• Find a problem you can help with, then help.
  • Walk to someone’s desk to ask them a question instead of messaging it to them.

However, what I find to be most needed and helpful isn’t a small break, but an intentional moment of focus. From there, here’s the path to a little less drift:

  1. Find a place that has a mild background noise. Coffee shops are cool. So is your living room and a bit of music you like.
  2. Pull out a notebook. Not a laptop. Not evernote. A notebook.
  3. Ask the questions you’ve been avoiding. Ask about your happiness. Ask about your contentment. Ask where you’re going and how you feel about the journey. Ask ifi you are scared to arrive, successfully or otherwise.
  4. Write down the answers.
  5. Ignore the texts and the pull to know all the information about everyone else but yourself because you are the only person you are uncomfortable sitting in silence with. If you have a pet, it will notice your discomfort and try to pull you away from it. Thank your furry companion for its efforts and remember that you have work to do.
  6. Keep.
  7. Being.
  8. Uncomfortable.
  9. After a while of digging you are either going to find joy, discontent, or nothing. If you find nothing, stop digging and look at things on the periphery like personal life.
  10. Repeat #3-8.

When you get to the end of this, 30 eternities will have passed. You will be tired. Only 40 minutes will have passed. Take a breather, then continue.

And continue.

The thing we are the most afraid of is our only path forward and that thing is examination. Not judgment, but an honest look at where and what we are and after that grace, forgiveness, curiosity and wonder and movement.

That takes discipline and, much as we think we’re all about that word as business professionals or adults, we aren’t in general. We’d rather things just work, just go, just be without us having to exhaust ourselves.

Truth is, work worth doing is work focusing on.

Truth is, a life worth living is worth asking lots of questions about.

Truth is, our focus needs more focus and that’s okay.

Discpline, my friends.


Let’s Be Honest: Part I


Another week where my pen refuses to move so we’re here again. However, this is a special note related to social media because mental and emotional health are important as is the much-avoided subject of honesty.

So let’s be honest about things.

I’ve seen so many postings about protesters burning things and destroying their communities (football fans are immune from this criticism, of course), about being more like MLK, about how the Irish were also enslaved…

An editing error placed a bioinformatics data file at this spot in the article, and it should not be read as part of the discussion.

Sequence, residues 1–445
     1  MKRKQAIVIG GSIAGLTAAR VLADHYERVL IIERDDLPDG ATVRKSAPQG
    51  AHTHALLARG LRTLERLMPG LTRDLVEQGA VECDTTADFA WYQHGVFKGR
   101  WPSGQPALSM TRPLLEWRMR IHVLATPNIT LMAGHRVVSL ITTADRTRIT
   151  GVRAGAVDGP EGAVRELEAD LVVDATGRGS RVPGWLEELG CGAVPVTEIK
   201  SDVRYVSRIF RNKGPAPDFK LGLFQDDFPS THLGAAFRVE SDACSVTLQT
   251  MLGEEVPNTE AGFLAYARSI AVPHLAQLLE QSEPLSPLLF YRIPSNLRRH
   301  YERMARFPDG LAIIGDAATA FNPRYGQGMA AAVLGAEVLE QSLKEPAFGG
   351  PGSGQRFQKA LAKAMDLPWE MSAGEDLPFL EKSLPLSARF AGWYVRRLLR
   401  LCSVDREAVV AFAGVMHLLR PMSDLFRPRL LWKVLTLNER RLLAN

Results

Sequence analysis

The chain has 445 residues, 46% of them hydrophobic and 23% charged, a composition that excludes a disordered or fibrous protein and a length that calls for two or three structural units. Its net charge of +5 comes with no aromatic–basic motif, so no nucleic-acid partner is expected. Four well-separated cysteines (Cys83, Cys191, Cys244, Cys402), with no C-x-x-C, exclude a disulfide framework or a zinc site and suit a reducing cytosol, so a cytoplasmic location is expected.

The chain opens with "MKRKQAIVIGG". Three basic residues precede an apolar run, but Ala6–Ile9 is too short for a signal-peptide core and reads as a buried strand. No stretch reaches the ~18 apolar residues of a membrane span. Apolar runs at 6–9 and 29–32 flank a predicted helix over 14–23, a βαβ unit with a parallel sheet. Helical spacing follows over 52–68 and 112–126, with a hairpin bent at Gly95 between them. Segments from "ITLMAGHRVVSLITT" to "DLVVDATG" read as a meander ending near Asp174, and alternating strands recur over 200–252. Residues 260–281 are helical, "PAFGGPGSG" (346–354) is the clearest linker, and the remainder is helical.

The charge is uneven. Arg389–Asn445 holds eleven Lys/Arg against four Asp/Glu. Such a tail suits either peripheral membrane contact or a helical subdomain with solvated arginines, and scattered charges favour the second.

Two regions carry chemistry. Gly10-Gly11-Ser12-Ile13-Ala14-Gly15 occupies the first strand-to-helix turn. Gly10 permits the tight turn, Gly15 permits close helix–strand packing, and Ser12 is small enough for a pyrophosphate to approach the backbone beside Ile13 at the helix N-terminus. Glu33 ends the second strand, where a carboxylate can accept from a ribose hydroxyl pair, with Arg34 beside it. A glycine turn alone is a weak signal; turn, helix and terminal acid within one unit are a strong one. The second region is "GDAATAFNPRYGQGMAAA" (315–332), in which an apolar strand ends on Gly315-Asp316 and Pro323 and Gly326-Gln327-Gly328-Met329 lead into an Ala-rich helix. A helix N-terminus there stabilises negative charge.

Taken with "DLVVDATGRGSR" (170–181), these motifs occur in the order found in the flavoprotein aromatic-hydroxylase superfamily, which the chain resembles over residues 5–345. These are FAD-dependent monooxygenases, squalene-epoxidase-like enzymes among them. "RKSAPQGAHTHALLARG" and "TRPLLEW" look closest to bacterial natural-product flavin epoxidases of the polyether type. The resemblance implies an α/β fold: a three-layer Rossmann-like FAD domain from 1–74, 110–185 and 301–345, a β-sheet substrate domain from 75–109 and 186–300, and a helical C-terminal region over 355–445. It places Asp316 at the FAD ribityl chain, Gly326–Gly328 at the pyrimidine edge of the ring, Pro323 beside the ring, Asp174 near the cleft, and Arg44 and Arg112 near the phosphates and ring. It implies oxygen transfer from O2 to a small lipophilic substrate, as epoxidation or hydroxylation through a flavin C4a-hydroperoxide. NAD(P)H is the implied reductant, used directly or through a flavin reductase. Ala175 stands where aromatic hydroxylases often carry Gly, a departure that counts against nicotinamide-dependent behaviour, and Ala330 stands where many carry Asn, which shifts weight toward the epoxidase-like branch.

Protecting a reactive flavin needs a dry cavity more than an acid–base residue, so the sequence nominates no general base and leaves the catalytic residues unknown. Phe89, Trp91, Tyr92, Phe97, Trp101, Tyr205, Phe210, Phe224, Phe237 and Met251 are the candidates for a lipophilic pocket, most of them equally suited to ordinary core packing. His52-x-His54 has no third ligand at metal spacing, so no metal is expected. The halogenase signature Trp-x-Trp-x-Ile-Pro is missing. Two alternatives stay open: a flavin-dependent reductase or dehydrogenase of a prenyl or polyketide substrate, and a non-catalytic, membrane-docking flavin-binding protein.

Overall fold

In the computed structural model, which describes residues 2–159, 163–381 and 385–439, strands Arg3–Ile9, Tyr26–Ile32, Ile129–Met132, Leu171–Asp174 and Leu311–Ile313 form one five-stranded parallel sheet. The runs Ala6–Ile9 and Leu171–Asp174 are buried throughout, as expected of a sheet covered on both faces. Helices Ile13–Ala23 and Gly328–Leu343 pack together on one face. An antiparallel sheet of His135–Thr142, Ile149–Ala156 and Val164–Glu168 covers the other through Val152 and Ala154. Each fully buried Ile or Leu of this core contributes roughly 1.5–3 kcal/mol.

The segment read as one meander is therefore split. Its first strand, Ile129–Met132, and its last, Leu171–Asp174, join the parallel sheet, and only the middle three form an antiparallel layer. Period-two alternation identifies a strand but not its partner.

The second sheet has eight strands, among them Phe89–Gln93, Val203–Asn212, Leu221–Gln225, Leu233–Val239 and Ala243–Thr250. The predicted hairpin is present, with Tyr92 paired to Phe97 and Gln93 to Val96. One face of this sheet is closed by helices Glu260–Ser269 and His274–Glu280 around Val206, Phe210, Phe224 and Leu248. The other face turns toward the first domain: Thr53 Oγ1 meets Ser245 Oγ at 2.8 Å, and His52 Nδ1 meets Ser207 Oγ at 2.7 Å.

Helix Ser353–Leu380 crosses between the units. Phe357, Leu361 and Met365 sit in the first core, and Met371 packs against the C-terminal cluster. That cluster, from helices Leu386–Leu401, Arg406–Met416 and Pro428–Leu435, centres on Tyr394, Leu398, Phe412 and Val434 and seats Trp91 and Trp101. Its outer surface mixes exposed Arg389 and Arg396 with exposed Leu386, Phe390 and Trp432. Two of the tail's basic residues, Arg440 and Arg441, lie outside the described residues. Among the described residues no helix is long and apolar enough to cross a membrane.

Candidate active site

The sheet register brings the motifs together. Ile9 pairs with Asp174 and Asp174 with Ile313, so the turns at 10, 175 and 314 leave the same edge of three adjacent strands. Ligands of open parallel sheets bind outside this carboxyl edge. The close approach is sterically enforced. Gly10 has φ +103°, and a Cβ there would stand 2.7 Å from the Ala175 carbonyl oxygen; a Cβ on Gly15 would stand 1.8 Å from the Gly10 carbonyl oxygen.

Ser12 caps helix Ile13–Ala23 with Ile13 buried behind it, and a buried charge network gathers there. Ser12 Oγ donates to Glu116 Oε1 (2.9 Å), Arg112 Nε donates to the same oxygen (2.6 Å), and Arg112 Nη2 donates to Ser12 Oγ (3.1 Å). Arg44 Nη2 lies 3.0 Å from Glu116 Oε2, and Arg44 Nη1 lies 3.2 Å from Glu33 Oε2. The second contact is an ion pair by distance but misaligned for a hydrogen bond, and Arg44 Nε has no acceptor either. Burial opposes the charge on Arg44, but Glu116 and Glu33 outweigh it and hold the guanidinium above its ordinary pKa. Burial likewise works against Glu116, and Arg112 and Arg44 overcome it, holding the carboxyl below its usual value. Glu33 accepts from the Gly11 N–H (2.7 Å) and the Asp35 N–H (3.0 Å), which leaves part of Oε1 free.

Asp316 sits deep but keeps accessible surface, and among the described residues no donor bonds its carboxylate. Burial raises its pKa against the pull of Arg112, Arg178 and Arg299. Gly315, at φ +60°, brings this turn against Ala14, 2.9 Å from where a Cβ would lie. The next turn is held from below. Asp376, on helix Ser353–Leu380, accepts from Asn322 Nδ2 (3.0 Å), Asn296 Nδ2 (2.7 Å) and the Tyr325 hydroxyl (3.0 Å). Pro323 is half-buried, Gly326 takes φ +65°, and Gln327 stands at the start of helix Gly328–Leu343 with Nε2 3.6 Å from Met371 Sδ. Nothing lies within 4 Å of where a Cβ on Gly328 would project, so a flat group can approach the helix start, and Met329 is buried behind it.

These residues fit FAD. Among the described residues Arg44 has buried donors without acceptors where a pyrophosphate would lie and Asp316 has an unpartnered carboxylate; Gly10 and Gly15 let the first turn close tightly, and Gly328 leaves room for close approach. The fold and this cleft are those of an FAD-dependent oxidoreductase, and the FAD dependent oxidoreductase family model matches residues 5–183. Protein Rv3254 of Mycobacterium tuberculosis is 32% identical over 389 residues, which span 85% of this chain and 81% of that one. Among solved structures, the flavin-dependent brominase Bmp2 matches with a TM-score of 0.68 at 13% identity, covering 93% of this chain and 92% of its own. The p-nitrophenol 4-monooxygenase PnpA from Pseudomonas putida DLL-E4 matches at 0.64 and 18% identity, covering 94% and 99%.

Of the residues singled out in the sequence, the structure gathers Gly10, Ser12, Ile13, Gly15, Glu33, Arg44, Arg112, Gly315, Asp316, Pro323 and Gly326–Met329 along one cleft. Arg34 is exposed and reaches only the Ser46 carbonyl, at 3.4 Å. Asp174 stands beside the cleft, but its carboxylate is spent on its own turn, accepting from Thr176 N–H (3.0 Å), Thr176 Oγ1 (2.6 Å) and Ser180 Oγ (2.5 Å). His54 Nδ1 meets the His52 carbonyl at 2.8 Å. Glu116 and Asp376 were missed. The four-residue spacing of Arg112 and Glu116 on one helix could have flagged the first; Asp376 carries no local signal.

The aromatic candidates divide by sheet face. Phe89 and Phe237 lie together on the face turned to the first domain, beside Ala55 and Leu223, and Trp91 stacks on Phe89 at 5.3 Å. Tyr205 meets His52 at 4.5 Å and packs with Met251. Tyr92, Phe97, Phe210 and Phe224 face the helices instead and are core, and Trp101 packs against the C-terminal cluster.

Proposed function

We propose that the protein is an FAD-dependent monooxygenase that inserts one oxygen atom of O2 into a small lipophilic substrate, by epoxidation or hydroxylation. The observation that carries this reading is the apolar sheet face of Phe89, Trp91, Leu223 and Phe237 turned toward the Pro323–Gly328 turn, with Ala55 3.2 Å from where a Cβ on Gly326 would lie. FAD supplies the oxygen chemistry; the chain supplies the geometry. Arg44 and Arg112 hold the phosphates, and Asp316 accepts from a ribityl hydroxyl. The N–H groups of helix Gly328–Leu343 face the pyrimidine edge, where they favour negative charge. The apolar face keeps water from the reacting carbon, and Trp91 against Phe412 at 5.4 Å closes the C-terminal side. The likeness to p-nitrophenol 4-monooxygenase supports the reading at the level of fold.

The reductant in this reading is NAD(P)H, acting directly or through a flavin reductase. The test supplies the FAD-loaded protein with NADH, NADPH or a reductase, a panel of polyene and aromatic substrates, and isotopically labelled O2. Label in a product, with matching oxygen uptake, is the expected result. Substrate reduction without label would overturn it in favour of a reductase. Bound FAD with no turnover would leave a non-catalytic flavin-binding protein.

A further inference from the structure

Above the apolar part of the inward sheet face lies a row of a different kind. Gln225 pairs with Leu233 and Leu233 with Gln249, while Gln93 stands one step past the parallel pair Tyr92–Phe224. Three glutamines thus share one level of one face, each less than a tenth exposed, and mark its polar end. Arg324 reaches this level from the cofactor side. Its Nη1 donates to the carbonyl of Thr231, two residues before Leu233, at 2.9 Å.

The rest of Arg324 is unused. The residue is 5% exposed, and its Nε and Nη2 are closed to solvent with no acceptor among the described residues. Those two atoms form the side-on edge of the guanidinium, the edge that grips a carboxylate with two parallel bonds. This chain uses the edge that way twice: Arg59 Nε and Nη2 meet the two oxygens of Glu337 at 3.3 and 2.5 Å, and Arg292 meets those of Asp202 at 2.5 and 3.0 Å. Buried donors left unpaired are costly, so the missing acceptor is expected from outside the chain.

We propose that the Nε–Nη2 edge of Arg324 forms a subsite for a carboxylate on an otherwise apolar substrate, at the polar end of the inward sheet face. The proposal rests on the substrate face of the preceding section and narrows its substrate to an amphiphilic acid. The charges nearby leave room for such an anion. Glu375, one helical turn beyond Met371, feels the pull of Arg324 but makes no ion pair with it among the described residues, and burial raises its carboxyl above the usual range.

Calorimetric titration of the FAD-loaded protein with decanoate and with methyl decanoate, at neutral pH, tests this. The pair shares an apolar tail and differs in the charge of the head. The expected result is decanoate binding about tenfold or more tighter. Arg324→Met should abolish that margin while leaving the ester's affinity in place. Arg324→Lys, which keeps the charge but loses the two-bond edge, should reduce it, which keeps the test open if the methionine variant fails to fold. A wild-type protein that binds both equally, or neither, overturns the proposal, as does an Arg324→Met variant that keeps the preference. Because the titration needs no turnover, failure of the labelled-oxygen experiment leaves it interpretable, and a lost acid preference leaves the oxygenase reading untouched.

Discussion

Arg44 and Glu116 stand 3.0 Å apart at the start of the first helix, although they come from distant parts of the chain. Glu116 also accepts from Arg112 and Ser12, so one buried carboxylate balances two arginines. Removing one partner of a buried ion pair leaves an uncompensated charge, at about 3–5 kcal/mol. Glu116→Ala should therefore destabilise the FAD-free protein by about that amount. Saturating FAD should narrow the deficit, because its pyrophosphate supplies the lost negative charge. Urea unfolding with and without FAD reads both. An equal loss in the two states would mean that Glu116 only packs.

I would prefer that you just tell me that you hate me and be done with it.

That’s all, really. Just that honesty would be appreciated.

Let me give you this to chew on: it’s been about sixty years. Literally a portion of my mother’s lifetime since MLK marched for civil rights and here we are with people being murdered and paving the way to civil rights 2.0. This is where peaceful protest brought us. Which is to say, nowhere in particular.

Somehow the ability to be downtrodden but polite, quiet, and respectful as we are continuously dehumanized is the path to being respected enough by the masters of an unjust system to just be heard for a moment until the football commercial ends.

So yeah, just let me know you hate me. That you don’t see me. Tell me again how I couldn’t be associated with these riffraff on the news chanting something about systemic racism because I’m smarter than that and the media is trying to divide us.

Let’s get this over with.

Stars and Sky: Part I

The first video of yours that I watched wasn’t this one, but this is definitely one of my favorites (there have been a few) that I’ve watched over the last four years that I’ve followed you.

It really was innocent enough; a friend of mine was heavy into League of Legends and got me into the game. In an effort to find funny and educational things, he came across you. You reminded him of me, so he said “Hey, you need to watch this guy; if you were super into league, you’d be this guy” so I watched that video.

I wonder how many of these types of things you read and are afraid to believe.